Lack of personnel seems to be one of the biggest challenges to the JRSS. The Army “could not certify that they had sufficient manning to assume the JRSS mission” and the Defense Information Systems Agency, which is the prime integrator for the program, reported that it was 17 government positions short, needing more engineers, administrators, development operations managers, and project managers.

DISA’s Global Operations Command East is covering the shortages for now and “plans to be properly manned by July 2019.”

DOT&E noted that despite using commercial solutions, operator training is lagging, which hampers deployment. Additionally, there have not been any codified defensive tactics, techniques, and procedures across the military services, DISA, and U.S. Cyber Command.

On top of halting deployments, the director recommended routine cyber assessments with realistic threats, refining JRSS deployment plans to shrink the data transmitted through each stack to reduce clogs, and having the JRSS program manager work more cohesively with the services. The report also urges the program manager to “use operationally realistic test results to improve current JRSS configurations, training, and procedures, and to inform future” migration decisions. (Source: Defense Systems)

 

01 Feb 19. DOT&E highlights weaknesses in US Navy EW system testing. The 2018 report from the Pentagon’s Director, Operational Test and Evaluation (DOT&E) has called on the US Navy (USN) to address critical gaps in its ability to realistically simulate anti-ship cruise missile (ASCM) seeker performance and approach profiles in support of Surface Electronic Warfare Improvement Program (SEWIP) testing. Released on 31 January, the DOT&E’s annual scorecard suggests the shortfalls will severely limit the fidelity of initial operational test and evaluation (IOT&E) for the SEWIP Block 3 system. Being developed by Northrop Grumman, SEWIP Block 3 introduces advanced electronic attack (EA) functionality into the SEWIP architecture under the designation AN/SLQ-32(7). In its assessment of electronic warfare (EW) test resources and environments, the DOT&E said a gap in the navy’s ability to realistically represent multiple ASCM seekers during test was initially identified in its 2013 annual report. (Source: IHS Jane’s)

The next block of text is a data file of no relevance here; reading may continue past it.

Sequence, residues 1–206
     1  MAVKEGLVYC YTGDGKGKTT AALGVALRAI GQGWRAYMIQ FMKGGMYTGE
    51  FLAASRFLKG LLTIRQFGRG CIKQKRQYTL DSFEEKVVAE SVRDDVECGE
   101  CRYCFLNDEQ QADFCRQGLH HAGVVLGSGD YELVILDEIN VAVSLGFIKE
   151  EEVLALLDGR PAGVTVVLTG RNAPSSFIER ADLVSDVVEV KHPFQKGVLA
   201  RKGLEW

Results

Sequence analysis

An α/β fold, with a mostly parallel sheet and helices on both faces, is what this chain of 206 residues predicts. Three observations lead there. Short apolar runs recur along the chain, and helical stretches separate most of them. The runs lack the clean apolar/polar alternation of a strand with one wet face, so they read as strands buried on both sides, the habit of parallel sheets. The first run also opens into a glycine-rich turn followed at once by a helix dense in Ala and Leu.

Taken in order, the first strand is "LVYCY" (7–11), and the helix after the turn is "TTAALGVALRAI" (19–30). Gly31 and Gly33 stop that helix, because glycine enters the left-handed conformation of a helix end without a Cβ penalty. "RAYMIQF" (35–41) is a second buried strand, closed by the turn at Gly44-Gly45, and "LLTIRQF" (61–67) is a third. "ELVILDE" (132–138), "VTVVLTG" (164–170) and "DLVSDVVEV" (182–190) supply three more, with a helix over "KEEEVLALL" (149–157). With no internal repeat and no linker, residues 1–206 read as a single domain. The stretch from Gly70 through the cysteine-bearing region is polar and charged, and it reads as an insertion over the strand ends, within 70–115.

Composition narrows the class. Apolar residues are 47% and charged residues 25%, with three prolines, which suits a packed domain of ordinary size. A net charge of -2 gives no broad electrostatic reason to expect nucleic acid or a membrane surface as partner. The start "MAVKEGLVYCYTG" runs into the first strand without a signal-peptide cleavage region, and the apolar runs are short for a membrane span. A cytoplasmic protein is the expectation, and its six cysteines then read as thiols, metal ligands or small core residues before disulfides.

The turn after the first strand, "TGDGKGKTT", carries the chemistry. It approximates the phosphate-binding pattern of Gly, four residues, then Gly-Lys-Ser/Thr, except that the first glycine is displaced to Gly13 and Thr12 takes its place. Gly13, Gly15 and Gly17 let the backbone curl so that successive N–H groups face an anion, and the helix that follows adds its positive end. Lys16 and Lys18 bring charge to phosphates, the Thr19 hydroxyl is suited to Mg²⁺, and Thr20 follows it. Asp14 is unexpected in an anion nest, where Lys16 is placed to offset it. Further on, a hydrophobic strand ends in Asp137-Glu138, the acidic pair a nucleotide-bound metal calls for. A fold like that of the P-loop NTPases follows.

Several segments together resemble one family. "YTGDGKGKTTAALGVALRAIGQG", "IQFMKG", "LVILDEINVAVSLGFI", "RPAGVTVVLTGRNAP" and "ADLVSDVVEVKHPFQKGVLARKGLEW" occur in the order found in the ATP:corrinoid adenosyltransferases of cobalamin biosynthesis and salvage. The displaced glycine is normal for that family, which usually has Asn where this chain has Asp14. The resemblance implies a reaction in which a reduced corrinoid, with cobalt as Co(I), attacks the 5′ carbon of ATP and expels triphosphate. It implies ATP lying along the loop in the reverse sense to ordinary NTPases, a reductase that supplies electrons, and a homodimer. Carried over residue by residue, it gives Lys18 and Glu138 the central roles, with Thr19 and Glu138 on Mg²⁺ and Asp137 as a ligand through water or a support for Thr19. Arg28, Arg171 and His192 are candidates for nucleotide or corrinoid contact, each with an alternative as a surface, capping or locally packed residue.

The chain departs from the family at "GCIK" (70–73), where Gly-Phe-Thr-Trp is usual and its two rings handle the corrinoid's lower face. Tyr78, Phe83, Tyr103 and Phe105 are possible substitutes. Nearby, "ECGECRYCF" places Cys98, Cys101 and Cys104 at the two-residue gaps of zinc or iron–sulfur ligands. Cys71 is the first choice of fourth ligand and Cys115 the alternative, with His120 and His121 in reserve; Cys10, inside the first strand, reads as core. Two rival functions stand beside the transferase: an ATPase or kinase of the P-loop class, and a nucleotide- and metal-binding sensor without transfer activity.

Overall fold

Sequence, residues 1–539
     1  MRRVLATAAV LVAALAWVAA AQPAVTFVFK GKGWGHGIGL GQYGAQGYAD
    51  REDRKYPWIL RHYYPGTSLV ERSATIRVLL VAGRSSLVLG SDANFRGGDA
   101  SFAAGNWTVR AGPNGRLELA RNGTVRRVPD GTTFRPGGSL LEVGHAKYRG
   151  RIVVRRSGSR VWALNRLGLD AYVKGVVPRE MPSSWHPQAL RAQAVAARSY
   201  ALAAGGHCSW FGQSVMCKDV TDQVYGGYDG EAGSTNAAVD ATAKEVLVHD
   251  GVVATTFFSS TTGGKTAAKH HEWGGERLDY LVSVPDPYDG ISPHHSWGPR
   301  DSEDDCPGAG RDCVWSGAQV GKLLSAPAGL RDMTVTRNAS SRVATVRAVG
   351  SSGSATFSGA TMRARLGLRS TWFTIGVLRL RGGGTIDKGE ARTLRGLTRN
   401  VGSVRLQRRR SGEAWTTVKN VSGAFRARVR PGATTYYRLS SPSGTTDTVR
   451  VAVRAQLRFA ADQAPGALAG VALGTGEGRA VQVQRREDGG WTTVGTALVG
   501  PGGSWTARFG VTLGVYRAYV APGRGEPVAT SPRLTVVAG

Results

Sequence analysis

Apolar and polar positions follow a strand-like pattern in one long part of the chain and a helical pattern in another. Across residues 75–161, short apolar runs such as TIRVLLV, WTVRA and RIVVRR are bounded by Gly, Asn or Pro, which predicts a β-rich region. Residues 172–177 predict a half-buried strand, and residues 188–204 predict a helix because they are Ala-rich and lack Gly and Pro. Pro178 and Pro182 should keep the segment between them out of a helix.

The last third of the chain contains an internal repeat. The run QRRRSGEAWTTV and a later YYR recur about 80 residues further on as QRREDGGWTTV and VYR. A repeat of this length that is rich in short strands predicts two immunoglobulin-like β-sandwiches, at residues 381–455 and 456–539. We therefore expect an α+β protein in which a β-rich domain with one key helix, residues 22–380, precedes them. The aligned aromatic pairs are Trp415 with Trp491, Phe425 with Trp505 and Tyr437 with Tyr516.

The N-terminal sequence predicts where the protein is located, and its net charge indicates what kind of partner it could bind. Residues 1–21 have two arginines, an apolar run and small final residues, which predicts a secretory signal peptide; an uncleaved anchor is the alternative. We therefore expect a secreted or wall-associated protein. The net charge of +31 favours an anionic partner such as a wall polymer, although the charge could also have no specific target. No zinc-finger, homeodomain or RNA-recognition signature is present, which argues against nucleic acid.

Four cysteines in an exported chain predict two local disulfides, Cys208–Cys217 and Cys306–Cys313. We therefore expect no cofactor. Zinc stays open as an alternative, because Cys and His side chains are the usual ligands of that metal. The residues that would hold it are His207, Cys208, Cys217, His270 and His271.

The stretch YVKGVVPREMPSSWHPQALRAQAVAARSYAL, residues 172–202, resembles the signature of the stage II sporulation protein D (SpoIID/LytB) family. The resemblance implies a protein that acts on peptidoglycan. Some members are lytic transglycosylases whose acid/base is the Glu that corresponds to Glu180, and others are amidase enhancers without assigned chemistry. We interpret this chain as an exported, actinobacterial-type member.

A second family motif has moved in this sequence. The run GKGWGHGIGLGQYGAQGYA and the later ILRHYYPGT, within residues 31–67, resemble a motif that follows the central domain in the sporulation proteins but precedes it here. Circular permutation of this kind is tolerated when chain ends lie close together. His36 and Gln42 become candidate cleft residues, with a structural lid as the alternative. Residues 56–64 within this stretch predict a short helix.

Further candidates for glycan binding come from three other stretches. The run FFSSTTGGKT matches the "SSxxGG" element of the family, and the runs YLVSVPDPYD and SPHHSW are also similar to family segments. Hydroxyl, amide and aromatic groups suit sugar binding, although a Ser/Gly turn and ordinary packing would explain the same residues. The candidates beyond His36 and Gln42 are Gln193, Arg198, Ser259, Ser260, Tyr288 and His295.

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Spectra Group Plc

Spectra has a proven record of accomplishment – with over 15 years of experience in delivering secure communications and cybersecurity solutions for governments around the globe; elite militaries; and private enterprises of all sizes.

As a dynamic, agile, security accredited organisation, Spectra can leverage this experience to deliver Cyber Advisory and secure Hosted and Managed Solutions on time, to spec and on budget, ensuring compliance with industry standards and best practices.

Spectra’s SlingShot® is a unique low SWaP system that enables in-service U/VHF tactical radios to utilise Inmarsat’s commercial satellite network for BLOS COTM. Including omnidirectional antenna for the man, vehicle, maritime and aviation platforms, the tactical net can broadcast over 1000s miles between forward units and a rear HQ, no matter how or where the deployment. Unlike many BLOS options, SlingShot maintains full COTM (Communications On The Move) capability and low size and weight

On 23 November 2017, Spectra Group (UK) Ltd announced that it had recently been listed as a Top 100 Government SME Supplier for 2015-2016 by the UK Crown Commercial Services

Spectra’s CEO, Simon Davies, was awarded 2017 BATTLESPACE Businessman of the Year by BATTLESPACE magazine and is a finalist in the inaugural British Ex-Forces In Business Awards in the Innovator Of The Year category.

Founded in 2002, the Company is based in Hereford, UK and holds ISO 9001:2015, ISO 27001 and Cyber Essentials Plus accreditation.